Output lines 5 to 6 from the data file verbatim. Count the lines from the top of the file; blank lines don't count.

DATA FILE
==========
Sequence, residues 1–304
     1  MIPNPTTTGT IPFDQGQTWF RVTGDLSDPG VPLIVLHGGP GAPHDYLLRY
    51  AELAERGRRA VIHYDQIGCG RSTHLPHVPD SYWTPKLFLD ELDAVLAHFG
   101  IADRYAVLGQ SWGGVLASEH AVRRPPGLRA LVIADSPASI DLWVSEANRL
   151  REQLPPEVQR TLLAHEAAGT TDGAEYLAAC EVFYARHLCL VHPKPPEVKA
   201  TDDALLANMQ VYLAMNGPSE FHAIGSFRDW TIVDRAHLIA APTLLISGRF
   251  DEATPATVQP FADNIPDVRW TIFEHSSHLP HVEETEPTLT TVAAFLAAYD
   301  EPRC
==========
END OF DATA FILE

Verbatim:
   151  REQLPPEVQR TLLAHEAAGT TDGAEYLAAC EVFYARHLCL VHPKPPEVKA
   201  TDDALLANMQ VYLAMNGPSE FHAIGSFRDW TIVDRAHLIA APTLLISGRF